KONA coffeeBy: Fern Gavelek
Hawaii’s prized crop elevates the standard cup of joe
The aroma of freshly ground coffee beans, followed by a steaming cup of joe, is a satisfying morning ritual to jump-start the day. Coffee connoisseurs know one of the best brews hails from Hawaii, where it’s mountain-grown along the Big Island’s Kona Coffee Belt.
Several factors are attributed to Kona coffee’s rank as one of the most sought-after coffees in the world. One is rarity. Indicative of its location, Kona coffee is cultivated only in the North and South Kona districts on the slopes of Hualalai and Mauna Loa. The approximately 25-mile stretch is home to backyard growers, small boutique farms and larger estate operations that control everything from seed to cup. According to USDA Hawaii statistics, the entire Big Isle produced only 4 million pounds of coffee during the 2008-09 season – a mere drop in the global coffee cup.
Other hallmarks of Kona coffee include growing conditions, handcrafted processing, unique flavor and price. It also boasts being made in the USA.
“Kona’s convection weather pattern, which produces shady afternoons to protect the coffee from the hot sun, provides favorable growing conditions for premium coffee,” says grower Mike Renner of Hualalai Mauka Coffee Company in Holualoa. He has 1,200 trees in cultivation at a 2,000-foot elevation. Renner adds that Kona has rainy summers, when the trees are laden with growing beans, and that timing helps yield robust plants with the desired larger and heavier coffee beans – factors that determine premium grade.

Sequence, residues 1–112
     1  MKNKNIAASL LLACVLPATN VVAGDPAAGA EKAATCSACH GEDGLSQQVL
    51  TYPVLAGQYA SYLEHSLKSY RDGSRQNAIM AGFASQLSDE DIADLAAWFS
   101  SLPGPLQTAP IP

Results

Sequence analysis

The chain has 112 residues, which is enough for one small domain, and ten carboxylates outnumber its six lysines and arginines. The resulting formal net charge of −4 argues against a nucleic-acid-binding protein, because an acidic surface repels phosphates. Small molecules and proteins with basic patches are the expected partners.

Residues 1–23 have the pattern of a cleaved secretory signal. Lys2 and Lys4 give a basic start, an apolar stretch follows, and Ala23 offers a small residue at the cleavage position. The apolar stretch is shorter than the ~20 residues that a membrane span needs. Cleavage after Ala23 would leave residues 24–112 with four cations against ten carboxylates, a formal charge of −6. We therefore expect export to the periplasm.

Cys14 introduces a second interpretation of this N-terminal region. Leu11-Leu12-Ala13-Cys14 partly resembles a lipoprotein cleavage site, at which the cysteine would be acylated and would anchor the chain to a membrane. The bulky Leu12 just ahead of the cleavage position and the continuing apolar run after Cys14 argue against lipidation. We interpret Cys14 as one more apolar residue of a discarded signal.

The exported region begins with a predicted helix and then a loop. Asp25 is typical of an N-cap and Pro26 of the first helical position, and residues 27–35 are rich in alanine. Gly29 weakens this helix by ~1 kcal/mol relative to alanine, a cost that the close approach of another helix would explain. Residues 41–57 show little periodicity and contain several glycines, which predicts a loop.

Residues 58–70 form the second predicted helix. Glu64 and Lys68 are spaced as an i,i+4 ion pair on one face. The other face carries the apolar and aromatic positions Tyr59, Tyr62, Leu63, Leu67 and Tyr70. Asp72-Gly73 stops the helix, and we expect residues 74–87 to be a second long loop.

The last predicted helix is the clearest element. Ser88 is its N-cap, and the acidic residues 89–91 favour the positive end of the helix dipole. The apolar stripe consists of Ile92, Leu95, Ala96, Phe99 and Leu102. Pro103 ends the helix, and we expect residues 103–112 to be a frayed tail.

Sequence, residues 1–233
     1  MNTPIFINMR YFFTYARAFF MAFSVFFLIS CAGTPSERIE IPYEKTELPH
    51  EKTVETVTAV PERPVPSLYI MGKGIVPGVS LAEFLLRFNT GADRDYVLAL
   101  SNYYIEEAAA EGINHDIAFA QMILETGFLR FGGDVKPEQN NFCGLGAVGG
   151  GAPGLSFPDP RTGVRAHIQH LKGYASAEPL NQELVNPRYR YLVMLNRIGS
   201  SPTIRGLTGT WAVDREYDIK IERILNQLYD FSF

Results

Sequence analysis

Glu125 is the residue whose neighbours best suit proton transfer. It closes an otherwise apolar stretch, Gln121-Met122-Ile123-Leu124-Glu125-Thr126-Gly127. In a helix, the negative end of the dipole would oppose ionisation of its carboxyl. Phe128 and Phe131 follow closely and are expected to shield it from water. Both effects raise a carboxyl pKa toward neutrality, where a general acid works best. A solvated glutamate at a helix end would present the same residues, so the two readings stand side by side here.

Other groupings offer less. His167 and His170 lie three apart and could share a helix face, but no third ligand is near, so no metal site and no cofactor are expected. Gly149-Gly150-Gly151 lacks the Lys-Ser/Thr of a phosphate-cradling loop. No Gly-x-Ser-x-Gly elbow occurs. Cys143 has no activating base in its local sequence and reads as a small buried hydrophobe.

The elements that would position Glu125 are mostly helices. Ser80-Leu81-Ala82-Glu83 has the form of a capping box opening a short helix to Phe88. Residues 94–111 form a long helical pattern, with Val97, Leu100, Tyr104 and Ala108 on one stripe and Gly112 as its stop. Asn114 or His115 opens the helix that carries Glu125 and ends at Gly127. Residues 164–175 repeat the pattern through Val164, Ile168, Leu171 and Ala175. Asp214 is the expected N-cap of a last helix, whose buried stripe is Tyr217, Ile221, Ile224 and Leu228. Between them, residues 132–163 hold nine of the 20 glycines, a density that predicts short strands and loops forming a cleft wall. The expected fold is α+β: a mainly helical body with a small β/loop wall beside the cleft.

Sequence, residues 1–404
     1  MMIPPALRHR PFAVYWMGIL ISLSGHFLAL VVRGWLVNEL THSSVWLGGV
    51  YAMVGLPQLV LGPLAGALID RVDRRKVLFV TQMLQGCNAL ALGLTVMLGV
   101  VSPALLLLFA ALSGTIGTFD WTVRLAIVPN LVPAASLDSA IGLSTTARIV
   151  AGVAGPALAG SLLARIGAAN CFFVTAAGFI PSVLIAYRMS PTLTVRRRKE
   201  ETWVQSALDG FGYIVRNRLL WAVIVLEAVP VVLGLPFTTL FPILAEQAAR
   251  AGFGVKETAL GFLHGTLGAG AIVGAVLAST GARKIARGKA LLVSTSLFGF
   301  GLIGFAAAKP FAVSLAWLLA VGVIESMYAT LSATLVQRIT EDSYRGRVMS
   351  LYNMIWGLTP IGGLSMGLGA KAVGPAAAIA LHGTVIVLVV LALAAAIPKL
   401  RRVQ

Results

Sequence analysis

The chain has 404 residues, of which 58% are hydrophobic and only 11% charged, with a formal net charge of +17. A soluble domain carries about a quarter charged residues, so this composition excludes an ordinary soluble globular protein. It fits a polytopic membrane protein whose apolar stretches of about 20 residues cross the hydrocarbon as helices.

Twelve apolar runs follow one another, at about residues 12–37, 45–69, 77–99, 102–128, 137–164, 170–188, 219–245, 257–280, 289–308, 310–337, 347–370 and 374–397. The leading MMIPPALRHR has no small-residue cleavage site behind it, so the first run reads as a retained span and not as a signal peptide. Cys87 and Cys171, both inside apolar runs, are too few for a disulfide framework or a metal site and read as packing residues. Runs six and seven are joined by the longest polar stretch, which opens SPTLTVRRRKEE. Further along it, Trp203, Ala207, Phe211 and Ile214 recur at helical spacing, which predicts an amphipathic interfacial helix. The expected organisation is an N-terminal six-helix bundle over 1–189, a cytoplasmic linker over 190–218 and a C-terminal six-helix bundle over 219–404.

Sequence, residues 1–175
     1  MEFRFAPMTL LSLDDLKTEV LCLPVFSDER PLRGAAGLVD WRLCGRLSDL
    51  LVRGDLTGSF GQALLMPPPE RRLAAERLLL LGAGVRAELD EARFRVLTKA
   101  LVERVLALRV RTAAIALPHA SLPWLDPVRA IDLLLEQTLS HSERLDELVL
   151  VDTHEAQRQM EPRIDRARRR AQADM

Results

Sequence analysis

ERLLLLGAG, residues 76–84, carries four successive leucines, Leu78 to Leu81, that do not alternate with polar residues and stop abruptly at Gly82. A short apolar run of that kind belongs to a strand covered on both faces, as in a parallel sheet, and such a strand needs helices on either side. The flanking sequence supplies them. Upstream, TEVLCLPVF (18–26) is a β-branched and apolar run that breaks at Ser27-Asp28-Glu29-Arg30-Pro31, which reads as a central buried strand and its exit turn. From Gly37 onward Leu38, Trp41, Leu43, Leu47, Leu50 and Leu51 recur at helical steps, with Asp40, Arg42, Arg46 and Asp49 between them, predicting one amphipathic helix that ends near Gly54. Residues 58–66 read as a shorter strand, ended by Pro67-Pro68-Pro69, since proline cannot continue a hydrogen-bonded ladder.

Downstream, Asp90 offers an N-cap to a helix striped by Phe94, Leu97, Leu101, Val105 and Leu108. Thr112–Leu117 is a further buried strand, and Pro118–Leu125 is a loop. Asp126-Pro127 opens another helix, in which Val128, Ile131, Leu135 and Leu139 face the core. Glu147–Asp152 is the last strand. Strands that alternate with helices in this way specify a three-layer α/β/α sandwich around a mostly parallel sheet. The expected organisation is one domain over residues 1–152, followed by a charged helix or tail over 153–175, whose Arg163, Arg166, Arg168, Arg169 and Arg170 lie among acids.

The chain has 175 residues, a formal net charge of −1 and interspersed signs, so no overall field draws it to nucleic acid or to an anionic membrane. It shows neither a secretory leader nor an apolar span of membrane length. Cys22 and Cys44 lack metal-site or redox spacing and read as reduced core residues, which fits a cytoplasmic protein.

Raising the bar for Kona coffee is the prestigious annual Gevalia Cupping Competition during autumn’s Kona Coffee Cultural Festival. While judges take into account bean size, shape and other factors, criteria for the blind tasting mainly focuses on fragrance, aroma, taste, nose, aftertaste and body.
“The mellow taste is specific to Kona coffee,” says Willy Pettersson, a retired master taster for Gevalia Kaffee of Sweden and a past Kona cupping judge. Names of current and past winners can be found at www.konacupping.com.
Justifying the price of Kona coffee, which ranges from $18 to $60 a pound, is easy for Dr. Marian Solomon of Hualalai Mauka.
“I tell customers that nobody thinks twice about paying $40 for a fine box of chocolates, and coffee lasts longer,” Solomon notes. “Like any other handcrafted product – whether fine chocolates, cheese or cigars – the quality makes it worth it.”
Solomon details that Kona coffee is hand-picked, so only the ripest, full-flavored beans are plucked when ready for processing. That typically happens from August to January. “We also air-dry the beans in the sun, which initially requires raking them eight to 10 times a day by hand,” she says. The labor-intensive process continues with milling, roasting and packaging.
With all the attention to detail, pride in the product is evident among Kona growers who market their own brands as “100 percent Kona Coffee.” To get 100 percent Kona coffee, read packaging closely. Coffee labeled as “Kona Coffee Blend” is legally required to contain only 10 percent Kona coffee. Also, “Hawaiian coffee” is grown elsewhere in the state.
To enjoy the total Kona coffee experience, which dates back to the 1820s, take a drive along the Kona Coffee Belt. A free brochure, the Kona Coffee Country Driving Tour, has a map detailing 56 coffee attractions open to the public, where samples are on the house. Perking with info, it’s available at Kona-Kohala activity desks and at the Big Island Visitors Bureau. Call 808-885-1655, or to receive a copy by mail, phone 808-326-7820.